Samuel Iven Nilson

12 Aug 1886 - 28 Apr 1973

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Samuel Iven Nilson

12 Aug 1886 - 28 Apr 1973
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HISTORY OF SAMUEL PETER NILSON (Written by his daughter, Fern N. Smith in Oct. 1958) Samuel Peter Nilson was born 13 July, 1863 in Smithfield, Cache Co., Utah; a son of Peter Nilson and Svenborg Tufveson. His parents joined the church in their native land of Sodra Rorum, Sweden and emigrated to Amer
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Life Information

Samuel Iven Nilson

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Smithfield City Cemetery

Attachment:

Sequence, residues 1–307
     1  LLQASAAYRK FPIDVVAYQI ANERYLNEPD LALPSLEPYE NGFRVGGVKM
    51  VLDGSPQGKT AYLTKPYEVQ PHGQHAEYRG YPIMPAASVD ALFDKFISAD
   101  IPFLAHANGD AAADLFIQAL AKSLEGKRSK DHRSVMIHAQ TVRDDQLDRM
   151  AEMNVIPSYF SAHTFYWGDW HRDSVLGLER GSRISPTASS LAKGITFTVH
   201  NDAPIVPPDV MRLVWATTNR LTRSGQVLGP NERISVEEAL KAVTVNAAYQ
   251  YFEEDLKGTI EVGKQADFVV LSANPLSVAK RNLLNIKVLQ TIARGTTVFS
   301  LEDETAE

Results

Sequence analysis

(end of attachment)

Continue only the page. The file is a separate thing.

376-424 E Center St
Smithfield, Cache, Utah
United States

Headstone Description

Children: Dale I., Connie, Lawana, Feryl, Glade, Nereece, Baby Boy Born And Died Nov 24, 1920
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lizzybelle

May 29, 2012
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doclouie

April 1, 2012

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Samuel Peter Nilson

Colaborador: lizzybelle Created: 1 year ago Updated: 1 year ago